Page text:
Rilke’s letters show a vast appreciation of nature, of love, memory and experience, without which poetry for him would not have been possible. He is at pains to highlight – in a wonderfully exact, bordering on the romantic – way the challenge of poetry, of looking into your own self to find the words and not looking to others for recognition that you are at the top of your chosen art.  At all times there is an underlining of how difficult and long the road to greatness is.

I believe that this is a book for every writer to appreciate and cherish, a required read not just for the instruction but also for the way it is written.  Rilke gives you the keys to the world, underlines the importance and need for solitude as well of the dangers of said solitude familiar to a lot of us I would imagine.  His belief in searching childhood memories for inspiration as well as understanding love and loss, then writing it from the heart is a powerful bit of direction for any writer yet one that seems curiously unheeded in so many.

The final part of the book is a look at the poet’s life up to and whilst he was writing the letters, this focus on his background gives context to each letter but also a grounding to his hard childhood where so many of his thoughts are garnered from.  I have to say although this section was interesting to read, the letters appealed more, especially the earlier ones which are more focussed on the writing aspect, having said that though this is an exceptional piece of writing as a whole.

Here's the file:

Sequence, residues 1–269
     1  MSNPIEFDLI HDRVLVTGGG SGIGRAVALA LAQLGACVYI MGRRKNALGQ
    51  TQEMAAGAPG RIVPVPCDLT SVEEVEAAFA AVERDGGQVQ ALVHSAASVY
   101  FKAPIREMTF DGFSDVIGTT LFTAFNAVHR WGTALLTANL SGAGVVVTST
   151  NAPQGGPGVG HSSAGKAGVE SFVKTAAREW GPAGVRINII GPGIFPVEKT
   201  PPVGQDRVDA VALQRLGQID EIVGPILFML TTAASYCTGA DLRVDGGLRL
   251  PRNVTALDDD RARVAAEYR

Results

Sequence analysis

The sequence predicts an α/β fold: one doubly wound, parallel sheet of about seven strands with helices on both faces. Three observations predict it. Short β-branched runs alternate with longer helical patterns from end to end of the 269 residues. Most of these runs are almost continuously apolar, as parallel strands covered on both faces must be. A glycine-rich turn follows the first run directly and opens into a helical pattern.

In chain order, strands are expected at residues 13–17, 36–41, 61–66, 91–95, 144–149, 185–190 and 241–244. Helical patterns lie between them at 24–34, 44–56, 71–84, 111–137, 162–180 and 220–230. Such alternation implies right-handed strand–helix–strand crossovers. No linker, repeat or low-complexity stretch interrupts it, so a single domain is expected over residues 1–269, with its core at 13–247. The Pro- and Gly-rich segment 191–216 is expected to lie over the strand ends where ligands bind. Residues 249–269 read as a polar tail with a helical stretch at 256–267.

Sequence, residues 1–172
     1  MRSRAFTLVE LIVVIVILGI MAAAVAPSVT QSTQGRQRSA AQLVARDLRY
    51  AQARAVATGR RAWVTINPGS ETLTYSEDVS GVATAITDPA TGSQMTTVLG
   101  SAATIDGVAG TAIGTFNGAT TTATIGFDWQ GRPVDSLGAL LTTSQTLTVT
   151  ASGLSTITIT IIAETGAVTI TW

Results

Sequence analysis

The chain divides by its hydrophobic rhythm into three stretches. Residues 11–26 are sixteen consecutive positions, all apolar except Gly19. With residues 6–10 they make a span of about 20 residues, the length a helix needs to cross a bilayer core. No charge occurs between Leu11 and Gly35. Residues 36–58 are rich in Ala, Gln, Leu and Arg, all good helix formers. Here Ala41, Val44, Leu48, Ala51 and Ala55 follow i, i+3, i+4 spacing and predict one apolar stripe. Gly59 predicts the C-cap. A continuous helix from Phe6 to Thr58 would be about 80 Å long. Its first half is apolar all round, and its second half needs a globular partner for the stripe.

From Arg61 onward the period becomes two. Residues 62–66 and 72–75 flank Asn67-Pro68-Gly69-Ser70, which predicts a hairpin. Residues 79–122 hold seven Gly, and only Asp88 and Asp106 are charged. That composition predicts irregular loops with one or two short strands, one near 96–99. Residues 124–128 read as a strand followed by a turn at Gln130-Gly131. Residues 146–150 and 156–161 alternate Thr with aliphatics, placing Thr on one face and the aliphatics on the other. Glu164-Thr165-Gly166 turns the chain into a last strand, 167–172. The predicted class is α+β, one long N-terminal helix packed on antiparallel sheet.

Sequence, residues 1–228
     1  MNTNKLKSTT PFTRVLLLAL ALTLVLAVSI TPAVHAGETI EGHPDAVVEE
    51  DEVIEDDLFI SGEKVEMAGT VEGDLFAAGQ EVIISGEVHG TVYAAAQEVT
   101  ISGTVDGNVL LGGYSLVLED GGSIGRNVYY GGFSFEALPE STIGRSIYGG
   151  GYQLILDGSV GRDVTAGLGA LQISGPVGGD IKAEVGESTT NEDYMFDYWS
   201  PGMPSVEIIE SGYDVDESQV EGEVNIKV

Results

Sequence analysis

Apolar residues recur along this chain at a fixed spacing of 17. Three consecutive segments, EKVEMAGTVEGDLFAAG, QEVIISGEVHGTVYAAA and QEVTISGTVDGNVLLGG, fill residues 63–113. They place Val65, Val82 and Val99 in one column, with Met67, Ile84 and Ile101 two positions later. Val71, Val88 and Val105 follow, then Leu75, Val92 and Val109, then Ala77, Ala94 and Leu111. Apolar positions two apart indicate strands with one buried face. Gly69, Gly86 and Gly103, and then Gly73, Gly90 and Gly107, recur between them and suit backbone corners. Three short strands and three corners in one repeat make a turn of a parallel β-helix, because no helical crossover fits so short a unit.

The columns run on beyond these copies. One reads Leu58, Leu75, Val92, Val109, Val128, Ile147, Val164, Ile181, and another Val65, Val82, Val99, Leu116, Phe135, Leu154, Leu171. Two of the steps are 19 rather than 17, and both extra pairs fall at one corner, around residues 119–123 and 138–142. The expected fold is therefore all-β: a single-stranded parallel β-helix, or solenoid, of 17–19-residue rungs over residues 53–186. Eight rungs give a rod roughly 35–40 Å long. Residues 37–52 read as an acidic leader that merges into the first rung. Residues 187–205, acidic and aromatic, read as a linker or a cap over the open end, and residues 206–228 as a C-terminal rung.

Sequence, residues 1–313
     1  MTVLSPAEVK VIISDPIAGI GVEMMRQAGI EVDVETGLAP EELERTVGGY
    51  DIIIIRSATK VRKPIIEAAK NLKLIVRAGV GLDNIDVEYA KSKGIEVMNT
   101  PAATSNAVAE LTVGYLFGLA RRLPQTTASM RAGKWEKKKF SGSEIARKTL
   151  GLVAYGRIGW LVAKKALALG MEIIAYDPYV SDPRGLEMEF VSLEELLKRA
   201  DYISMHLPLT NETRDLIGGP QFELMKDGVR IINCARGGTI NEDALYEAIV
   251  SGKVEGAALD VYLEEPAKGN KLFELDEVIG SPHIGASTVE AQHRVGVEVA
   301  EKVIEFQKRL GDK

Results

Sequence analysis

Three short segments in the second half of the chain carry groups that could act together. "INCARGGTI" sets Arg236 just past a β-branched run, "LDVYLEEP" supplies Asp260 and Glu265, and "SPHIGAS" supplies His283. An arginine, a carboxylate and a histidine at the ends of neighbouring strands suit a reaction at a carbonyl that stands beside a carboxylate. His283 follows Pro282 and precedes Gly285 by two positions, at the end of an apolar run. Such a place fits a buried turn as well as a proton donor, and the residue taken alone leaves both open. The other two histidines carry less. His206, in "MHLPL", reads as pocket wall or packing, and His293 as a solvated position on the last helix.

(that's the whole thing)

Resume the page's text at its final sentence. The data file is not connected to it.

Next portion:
For all those overly long books about writing and motivation that clog up the bookshelves, this is the perfect antidote.  It is a challenge to read just one letter but I managed to spread them out for a whole day and it gave me more information and encouragement than a whole slew of those other books would.  It’s literate, will benefit anybody who rereads it often and it’s feeling of being personal, yet universal is pitched perfectly.  The famous poet talking to his fans, seems like a world away and whilst he professes to know nothing, Rilke’s wisdom shines through on every page and a special thanks to Mr Kappus for sharing with us what he could have so jealously guarded himself..

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49 Comments

Posted by on 06/04/2016 in Essays, Poetry